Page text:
No, I want to be part of the healing that so far – seems to lie beyond our reach. “Can this be America?” Rabbi Rothschild asked and I stand before you as your rabbi asking the same question he did 62 years ago. I want to be the kind of leader he was, the kind of rabbi you need me to be at this critical moment – and I am not at all sure what to say to you.
So after much thought, I decided not to speak to you at all.
I decided that the one who really needed a good talking to was me. I stand before you today to deliver a sermon that was written with only one person in mind – me. I invite you to listen in, I hope you will learn something, maybe you will agree, maybe you will disagree – but, et hatotai ani mazkir hayom – it is my sins that I wish to confront today not yours.
What does it mean to be a leader?
Rabbi Jacob Rothschild z”l was a great leader, a great rabbi. Maybe outrage comes more naturally when there is a 20-foot hole in the brick wall of your sanctuary. Maybe it is easier to speak the truth when you stand amidst the rubble of crumbled columns and shattered stained glass.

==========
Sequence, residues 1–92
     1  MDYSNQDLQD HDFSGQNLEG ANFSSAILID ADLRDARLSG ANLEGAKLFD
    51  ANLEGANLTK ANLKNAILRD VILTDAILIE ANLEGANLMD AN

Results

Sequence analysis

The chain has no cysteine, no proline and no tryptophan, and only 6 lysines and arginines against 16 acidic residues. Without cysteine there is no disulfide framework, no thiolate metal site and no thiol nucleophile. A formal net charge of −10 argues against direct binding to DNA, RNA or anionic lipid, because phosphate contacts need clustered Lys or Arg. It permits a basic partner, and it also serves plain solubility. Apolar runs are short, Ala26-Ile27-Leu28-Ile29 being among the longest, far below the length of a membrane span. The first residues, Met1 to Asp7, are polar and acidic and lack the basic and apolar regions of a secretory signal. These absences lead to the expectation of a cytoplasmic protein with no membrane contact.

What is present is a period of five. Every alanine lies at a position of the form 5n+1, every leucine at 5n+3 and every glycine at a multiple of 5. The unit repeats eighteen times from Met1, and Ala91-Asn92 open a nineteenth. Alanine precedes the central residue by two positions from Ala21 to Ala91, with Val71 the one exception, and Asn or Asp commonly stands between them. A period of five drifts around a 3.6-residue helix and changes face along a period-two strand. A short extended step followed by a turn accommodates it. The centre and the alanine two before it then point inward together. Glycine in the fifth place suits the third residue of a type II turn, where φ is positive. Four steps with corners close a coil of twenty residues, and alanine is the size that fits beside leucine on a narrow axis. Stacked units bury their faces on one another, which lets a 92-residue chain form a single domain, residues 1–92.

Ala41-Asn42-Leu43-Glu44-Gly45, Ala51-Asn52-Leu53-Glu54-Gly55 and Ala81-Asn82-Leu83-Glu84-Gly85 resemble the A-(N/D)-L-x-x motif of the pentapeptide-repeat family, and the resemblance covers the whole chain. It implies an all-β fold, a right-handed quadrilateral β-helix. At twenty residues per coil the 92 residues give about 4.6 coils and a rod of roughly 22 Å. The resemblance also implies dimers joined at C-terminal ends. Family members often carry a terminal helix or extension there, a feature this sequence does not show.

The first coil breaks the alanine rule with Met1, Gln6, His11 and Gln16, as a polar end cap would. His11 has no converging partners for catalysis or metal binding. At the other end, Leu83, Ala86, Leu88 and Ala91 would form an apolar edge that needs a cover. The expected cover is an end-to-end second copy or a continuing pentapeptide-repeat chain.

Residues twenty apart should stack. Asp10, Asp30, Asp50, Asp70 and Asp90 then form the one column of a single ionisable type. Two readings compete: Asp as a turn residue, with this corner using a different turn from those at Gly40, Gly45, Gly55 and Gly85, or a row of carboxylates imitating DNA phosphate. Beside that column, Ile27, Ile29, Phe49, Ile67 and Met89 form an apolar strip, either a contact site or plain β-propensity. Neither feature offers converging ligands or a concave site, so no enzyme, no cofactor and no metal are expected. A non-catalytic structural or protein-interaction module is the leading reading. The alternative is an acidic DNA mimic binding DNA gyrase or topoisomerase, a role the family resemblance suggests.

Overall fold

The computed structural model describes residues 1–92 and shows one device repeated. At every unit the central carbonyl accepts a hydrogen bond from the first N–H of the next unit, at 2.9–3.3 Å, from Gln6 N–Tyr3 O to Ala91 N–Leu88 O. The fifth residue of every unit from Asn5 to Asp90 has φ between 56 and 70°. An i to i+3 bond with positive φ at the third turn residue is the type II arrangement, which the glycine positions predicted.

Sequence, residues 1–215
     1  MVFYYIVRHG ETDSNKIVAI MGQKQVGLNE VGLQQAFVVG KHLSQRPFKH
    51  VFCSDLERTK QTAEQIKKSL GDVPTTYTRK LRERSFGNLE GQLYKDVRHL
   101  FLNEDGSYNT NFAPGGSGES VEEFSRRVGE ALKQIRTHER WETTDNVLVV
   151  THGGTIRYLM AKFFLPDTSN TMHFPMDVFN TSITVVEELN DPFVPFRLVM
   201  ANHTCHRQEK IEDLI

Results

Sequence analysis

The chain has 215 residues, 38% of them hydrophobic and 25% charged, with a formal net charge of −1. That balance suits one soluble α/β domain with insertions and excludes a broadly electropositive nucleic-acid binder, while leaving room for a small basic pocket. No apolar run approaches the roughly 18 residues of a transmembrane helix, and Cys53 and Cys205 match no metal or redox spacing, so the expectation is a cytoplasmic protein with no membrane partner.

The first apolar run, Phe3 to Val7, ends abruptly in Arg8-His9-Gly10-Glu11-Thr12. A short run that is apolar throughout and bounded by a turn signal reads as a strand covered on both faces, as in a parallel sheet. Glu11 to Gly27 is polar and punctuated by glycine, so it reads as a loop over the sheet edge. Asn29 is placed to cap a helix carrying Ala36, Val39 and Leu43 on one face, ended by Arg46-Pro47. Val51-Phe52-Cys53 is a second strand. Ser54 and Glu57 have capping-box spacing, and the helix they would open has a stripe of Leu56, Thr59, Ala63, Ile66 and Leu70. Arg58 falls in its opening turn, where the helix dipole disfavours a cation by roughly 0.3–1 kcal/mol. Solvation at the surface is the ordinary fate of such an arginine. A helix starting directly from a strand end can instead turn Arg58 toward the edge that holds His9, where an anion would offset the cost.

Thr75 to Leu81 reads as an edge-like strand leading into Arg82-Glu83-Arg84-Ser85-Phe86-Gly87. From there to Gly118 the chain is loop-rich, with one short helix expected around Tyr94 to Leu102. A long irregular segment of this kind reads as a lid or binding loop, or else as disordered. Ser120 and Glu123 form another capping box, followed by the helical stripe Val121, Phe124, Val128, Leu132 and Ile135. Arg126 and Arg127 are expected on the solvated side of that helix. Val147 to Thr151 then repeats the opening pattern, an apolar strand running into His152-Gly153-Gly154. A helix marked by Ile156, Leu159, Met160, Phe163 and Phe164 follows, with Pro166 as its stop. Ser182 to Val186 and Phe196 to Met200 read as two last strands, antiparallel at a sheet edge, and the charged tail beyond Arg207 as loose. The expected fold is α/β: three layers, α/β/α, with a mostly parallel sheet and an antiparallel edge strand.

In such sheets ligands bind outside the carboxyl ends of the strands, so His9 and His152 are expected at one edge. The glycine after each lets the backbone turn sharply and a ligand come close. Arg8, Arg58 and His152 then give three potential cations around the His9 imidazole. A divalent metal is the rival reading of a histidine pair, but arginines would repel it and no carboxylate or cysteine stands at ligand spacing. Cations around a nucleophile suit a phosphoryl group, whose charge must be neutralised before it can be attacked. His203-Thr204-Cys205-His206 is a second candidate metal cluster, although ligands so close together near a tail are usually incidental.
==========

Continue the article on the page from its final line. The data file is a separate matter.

But truth be told – are we not standing in the midst of similar destruction today? And I am troubled by my silence. Do you think Isaiah or Jeremiah were worried that somebody might be offended when they railed against the injustices of their day?
And the more I wrestled with this — the more I realized this is not just a sermon for me. It is not just about my own strengths and deficiencies as a leader. For you are about to embark on a search for a new rabbi. Maybe, by letting you in on my inner dialogue, maybe I can help as you begin to quantify what you need and want in your next rabbi. You see after 26 years as your rabbi; after 42 years of being a rabbi – I have developed some opinions about what I think a good rabbi looks like and what it means to be a leader?